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Movers remove the last of people's belongings on the last day of the Regent Hotel occupancy in Vancouver on June 28, 2018.

Rafal Gerszak

Vancouver is taking the unprecedented step of expropriating two derelict hotels that provide housing to some of the city’s most vulnerable residents after more than a decade of failed attempts to get the owners to repair the buildings and improve the squalid living conditions.

On Friday, the city notified the Sahota family it wants to seize ownership of their Balmoral and Regent hotels after a proposal to purchase them for an undisclosed amount garnered no response.

The move, made public Monday, follows a Globe and Mail investigation that found hundreds of bylaw infractions and repair orders had been inadequately fulfilled or ignored outright over the years, leading to unsafe and unsanitary conditions in the buildings, which housed about 300 people. The family owns three other single-room occupancy (SRO) hotels – century-old buildings with tiny apartments and shared bathrooms – that are part of a local real estate empire of rundown rental units estimated at more than $200-million.

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The city has expropriated properties in the past to make way for the construction of parks or roads, but it says this is the first time it has gone after real estate to punish a problem landlord.

“This is an extraordinary case,” said Paul Mochrie, Vancouver’s deputy city manager. "The underlying signal [to problem landlords] is clear: We desperately need low-income housing in the city of Vancouver – we’re in a housing crisis and private single-room occupancy hotels form a really significant component of the housing stock for low-income residents.”

The Sahota family controls nearly 500, or about 16 per cent, of the roughly 3,000 privately held SRO units in the city’s stock. A large portion of Vancouver’s poorest residents live cheek-to-jowl in these rooming houses, many built a hundred years ago for single loggers and fishermen – blue-collar workers who adorn either side of the city’s coat of arms. The family has a lengthy track record of bylaw violations and its buildings show up regularly on the city’s rental database, which tracks rental properties that have bylaw violations.

Gudy Sahota – one of three reclusive siblings who control the family’s real estate holdings – did not answer two separate calls requesting comment Monday and the family’s lawyer Michael Katzalay did not return a request for comment on the city’s move.

The family now has a month and a half to request that B.C.'s Attorney-General appoint an inquiry officer to review the city’s attempt at expropriation, Mr. Mochrie said.

If they do not file such an appeal, then the city would pay the Sahotas an amount based on the independent appraisals recently made by a private firm, he said.

Related: B.C. welfare payments unaccounted for in Sahota hotel records

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Read more: For low-income residents in Vancouver, a different kind of real estate crisis

He would not give a ballpark figure for these amounts, but noted the Balmoral lost more than 70 per cent of its assessed value and fell to $2.7-million last year after it was evacuated the year prior. The most recent assessment for the Regent – calculated before its units were shuttered and rental income lost – was $10.7-million.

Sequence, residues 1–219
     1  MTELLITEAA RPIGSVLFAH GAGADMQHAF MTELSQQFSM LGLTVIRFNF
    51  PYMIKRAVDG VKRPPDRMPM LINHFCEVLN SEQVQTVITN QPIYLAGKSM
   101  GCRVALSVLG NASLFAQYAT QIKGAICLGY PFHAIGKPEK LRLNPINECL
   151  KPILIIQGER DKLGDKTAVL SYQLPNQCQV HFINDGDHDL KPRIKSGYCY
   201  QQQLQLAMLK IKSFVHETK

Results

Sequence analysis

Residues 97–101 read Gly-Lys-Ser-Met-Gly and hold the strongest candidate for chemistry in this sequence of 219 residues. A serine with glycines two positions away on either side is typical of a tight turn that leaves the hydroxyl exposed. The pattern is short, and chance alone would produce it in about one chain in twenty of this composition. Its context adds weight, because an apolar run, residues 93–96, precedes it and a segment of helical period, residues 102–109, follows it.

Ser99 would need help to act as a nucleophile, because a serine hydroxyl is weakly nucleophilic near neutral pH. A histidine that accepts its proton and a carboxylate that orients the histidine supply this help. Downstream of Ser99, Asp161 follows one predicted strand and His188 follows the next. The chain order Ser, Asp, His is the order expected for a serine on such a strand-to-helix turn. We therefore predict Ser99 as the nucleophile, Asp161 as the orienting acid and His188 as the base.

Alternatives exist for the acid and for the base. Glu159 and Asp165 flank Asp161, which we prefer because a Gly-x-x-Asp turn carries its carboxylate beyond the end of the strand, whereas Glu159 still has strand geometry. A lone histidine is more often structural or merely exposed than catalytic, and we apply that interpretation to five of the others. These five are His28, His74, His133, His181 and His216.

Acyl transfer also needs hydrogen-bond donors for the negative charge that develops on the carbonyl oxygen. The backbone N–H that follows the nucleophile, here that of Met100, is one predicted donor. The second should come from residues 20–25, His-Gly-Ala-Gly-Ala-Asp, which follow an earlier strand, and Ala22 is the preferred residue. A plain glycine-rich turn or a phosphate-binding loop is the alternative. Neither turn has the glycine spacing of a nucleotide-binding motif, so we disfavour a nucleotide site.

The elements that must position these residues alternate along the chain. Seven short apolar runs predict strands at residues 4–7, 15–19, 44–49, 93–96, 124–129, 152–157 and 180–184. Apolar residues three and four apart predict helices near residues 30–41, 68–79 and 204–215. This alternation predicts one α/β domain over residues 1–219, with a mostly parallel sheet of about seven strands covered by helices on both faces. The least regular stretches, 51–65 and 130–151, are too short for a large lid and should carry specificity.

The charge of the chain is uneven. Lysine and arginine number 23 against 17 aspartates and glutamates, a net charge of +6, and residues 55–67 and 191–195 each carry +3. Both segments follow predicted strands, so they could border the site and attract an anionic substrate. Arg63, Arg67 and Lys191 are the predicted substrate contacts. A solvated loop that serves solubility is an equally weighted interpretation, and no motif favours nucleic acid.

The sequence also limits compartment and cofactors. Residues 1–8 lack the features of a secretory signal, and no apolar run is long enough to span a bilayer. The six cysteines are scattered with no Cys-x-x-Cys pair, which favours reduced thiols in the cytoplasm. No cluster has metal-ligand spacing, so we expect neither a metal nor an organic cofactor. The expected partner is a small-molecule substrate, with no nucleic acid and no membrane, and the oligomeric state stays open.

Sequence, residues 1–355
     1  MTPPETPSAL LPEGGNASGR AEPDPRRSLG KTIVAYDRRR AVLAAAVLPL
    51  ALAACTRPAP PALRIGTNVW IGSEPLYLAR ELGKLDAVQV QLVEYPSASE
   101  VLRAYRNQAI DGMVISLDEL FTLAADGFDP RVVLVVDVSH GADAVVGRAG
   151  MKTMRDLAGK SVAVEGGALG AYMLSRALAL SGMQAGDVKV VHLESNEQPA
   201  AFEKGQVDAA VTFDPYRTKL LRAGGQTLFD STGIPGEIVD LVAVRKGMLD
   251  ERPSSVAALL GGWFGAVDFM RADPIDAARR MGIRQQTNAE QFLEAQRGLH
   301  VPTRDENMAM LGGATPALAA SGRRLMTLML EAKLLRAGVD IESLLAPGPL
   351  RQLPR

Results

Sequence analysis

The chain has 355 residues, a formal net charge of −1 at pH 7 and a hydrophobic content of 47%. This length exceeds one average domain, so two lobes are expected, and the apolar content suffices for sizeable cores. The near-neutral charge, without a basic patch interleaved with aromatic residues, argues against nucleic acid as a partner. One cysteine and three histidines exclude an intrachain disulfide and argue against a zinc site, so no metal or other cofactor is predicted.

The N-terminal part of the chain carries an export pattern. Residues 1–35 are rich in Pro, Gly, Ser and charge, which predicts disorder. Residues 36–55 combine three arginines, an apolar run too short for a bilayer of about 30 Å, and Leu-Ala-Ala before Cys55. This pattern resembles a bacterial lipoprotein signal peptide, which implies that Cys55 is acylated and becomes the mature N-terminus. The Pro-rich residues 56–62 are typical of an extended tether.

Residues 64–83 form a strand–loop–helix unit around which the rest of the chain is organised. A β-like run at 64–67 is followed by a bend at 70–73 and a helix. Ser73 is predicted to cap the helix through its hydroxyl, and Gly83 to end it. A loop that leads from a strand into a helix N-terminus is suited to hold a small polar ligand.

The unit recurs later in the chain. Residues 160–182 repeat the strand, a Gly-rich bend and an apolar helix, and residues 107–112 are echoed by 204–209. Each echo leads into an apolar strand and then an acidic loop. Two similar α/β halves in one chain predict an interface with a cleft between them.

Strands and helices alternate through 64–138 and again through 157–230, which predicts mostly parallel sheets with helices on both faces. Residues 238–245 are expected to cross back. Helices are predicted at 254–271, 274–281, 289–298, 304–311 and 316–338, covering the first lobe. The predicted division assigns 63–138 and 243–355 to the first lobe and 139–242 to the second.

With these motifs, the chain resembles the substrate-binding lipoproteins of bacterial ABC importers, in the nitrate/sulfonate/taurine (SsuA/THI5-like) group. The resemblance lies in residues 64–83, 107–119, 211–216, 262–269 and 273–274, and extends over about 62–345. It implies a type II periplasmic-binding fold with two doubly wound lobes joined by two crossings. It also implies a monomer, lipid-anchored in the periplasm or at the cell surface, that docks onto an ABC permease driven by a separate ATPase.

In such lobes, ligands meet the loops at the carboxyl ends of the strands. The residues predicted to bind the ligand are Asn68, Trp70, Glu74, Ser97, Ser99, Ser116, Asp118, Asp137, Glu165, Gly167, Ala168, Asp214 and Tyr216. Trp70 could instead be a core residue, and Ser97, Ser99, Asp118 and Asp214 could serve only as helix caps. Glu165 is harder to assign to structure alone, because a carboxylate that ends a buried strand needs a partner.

If the city is successful in taking over the two buildings, then it would likely be “several years” and millions of dollars before the rotting structures are repaired or bulldozed and replaced with new social housing units, he added.

In the meantime, trial dates are set for October relating to the hundreds of previous bylaw violations at the Regent and Balmoral, with Mr. Mochrie saying the city could recoup up to $10,000 an infraction.

On Monday, Mr. Mochrie said the city is studying whether it should change this approach to problem landlords and instead focus on issuing smaller daily fines to bring rental units back up to maintenance standards, as nearby New Westminster did with two Sahota buildings years ago.

Wendy Pedersen, a long-time housing activist in the Downtown Eastside working with the SRO Collaborative advocacy group, reacted to Monday’s news with jubilation, but cautioned that more needs to be done to ensure that these vital rental units are reopened at welfare rates as soon as possible.

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“We need to help the city follow through on this commitment,” she said. “Because expropriation is the very best thing that we can do at this moment and it will send a strong message to slumlords everywhere that when tenants organize and the community backs them up that we can win.”

She said former Sahota tenants plan to continue with their proposed class-action suit, which she estimates could involve more than a thousand renters. She added that the vast majority of the 100 tenants that were moved out of the Regent last month are now “happy and healthier” in their new social housing units, which are run by non-profit organizations.

Thursday was the deadline for tenants at the Regent Hotel to move out after the City of Vancouver forced the closure of the property. The Regent is owned by the Sahota family, who have tended to ignore bylaw violations at their properties. A recent Globe investigation highlighted the deplorable state of living conditions in the hotel.

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